The need for an international sign system was discussed at the first World Deaf Congress in 1951, when the WFD was formed. In the following years, a pidgin began to emerge as the delegates from different language backgrounds communicated with each other, and in 1973, a WFD committee ("the Commission of Unification of Signs") published a standardized vocabulary. They tried to choose the most understandable and inoffensive signs from diverse sign languages to make the language easy to learn. However, there is a dominant influence from American Sign Language and European sign languages, and African and Asian signers find IS considerably more difficult to understand.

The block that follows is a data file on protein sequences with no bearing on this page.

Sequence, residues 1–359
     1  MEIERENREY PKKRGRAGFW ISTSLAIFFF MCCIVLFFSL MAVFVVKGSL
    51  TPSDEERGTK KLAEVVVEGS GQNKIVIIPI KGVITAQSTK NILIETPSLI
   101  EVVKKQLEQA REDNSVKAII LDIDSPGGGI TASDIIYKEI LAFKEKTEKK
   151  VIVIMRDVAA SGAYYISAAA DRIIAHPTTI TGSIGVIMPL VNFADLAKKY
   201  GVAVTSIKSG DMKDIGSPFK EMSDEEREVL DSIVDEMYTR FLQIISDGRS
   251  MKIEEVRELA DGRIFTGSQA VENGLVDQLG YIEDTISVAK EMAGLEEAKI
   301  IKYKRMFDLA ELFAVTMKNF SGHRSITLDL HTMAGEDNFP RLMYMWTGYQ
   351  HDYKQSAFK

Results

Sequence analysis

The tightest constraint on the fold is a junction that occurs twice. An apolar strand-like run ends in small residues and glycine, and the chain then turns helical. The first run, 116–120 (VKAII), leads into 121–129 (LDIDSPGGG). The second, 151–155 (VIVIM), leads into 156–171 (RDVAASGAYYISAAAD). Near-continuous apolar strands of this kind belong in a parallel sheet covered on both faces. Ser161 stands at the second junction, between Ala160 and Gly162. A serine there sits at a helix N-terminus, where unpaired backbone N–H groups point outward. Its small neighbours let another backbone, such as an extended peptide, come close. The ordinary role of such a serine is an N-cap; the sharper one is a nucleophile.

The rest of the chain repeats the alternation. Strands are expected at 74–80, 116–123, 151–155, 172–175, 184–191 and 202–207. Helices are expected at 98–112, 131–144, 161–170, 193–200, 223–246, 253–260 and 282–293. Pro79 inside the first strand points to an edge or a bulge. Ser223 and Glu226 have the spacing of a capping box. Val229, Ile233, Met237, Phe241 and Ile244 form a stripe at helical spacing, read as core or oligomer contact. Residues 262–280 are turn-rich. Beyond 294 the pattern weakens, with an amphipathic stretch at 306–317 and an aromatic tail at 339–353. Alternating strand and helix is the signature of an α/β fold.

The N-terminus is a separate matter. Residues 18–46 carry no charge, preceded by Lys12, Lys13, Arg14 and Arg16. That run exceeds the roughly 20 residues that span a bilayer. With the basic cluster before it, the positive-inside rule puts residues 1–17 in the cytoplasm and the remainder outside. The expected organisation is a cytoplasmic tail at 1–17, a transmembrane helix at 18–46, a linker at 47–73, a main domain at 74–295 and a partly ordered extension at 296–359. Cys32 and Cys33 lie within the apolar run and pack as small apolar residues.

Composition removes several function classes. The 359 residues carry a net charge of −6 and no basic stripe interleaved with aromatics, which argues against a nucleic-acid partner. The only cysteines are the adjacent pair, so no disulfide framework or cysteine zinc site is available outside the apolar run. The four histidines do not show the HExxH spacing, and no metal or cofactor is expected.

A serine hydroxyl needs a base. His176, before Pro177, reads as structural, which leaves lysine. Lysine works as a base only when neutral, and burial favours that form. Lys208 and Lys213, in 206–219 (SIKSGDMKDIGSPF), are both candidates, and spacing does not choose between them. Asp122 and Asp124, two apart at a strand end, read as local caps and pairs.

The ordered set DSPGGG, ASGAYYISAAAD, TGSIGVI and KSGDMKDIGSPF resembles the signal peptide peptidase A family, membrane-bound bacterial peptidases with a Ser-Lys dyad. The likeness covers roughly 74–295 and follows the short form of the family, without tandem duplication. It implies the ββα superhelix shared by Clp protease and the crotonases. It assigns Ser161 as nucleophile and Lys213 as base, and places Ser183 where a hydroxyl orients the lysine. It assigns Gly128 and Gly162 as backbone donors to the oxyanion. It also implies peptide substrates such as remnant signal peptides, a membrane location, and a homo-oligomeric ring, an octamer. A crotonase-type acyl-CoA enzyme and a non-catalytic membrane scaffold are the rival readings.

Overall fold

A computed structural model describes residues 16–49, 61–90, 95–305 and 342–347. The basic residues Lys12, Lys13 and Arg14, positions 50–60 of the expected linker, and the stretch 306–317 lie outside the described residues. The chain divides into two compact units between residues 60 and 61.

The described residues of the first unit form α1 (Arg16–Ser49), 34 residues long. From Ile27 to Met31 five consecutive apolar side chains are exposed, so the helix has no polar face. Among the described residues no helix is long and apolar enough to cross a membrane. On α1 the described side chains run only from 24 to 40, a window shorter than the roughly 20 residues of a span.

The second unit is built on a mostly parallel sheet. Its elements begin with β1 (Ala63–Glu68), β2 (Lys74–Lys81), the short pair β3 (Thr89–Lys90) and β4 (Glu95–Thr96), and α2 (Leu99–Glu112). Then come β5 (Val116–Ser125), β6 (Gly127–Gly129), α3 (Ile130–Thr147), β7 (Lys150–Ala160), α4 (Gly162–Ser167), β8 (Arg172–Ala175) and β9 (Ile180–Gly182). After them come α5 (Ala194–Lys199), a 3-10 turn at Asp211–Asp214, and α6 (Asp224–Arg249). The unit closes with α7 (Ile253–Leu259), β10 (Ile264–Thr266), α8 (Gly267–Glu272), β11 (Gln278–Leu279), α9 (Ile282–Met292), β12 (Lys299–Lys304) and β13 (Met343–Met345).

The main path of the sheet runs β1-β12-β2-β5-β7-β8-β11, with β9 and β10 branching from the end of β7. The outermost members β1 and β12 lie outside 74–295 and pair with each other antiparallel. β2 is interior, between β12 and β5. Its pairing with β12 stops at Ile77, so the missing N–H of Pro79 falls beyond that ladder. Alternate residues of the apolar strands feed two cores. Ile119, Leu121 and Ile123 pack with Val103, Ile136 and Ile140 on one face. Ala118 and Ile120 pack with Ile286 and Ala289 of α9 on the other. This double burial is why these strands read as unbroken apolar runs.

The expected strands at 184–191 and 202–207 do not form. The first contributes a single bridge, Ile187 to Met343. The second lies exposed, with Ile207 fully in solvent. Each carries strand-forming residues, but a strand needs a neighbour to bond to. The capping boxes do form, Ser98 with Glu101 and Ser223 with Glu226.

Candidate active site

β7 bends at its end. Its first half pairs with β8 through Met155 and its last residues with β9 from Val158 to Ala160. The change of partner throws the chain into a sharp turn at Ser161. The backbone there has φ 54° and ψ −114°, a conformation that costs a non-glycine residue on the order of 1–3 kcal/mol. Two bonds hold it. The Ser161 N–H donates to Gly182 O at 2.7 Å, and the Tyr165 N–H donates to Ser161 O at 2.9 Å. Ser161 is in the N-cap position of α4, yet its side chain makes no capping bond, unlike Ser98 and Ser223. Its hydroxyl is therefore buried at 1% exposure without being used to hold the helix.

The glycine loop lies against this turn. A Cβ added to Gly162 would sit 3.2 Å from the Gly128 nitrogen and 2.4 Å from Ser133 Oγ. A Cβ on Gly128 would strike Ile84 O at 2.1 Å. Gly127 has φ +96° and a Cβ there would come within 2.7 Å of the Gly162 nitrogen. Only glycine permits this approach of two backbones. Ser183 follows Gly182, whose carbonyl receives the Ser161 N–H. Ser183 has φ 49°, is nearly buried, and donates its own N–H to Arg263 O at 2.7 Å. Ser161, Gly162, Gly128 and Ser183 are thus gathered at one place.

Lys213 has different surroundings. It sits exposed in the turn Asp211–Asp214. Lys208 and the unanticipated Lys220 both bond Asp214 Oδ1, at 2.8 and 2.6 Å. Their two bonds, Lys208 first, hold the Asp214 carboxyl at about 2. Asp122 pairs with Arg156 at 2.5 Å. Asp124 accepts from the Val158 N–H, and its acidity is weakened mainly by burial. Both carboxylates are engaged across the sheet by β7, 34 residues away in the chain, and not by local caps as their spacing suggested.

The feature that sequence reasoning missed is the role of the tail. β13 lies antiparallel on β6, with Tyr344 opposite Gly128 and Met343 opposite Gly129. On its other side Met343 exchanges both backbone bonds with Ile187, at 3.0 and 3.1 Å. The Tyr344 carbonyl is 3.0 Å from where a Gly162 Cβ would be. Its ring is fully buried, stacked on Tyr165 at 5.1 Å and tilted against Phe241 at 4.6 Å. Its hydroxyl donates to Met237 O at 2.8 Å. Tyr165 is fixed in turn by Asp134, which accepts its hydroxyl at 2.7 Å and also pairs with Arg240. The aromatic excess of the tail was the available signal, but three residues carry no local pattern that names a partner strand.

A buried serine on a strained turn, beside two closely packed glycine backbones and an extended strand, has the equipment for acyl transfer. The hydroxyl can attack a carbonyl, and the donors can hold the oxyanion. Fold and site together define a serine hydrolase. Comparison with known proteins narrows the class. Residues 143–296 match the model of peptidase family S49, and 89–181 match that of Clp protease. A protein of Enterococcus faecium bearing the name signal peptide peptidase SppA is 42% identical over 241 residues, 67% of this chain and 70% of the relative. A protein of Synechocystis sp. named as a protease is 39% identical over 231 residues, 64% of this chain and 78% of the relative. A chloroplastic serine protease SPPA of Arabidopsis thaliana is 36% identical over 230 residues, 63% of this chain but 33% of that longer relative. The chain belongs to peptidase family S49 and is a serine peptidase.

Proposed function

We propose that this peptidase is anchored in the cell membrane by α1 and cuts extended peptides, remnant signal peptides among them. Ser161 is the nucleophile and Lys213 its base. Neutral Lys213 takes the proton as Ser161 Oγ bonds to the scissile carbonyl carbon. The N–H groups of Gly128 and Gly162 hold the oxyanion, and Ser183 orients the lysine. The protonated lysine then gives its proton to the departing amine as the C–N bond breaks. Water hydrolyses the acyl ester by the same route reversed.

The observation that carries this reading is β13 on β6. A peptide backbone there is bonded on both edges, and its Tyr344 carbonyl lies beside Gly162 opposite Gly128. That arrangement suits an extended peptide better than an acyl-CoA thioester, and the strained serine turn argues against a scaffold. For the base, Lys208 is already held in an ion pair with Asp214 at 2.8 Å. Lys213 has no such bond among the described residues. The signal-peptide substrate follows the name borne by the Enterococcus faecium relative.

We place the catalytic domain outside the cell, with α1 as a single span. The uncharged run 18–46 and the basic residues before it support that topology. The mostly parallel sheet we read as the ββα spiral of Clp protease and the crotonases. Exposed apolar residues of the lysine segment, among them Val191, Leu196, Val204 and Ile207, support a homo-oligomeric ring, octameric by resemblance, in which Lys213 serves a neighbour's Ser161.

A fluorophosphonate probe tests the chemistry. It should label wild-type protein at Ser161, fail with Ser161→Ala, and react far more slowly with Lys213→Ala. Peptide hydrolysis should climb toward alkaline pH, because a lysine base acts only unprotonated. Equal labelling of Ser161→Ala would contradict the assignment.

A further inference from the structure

A book published by the commission in the early 1970s, Gestuno: International Sign Language of the Deaf, contains a vocabulary list of about 1500 signs. The name "Gestuno" was chosen from Italian, meaning "the unity of sign languages", but the name has fallen out of use in favor of the phrase "International Sign".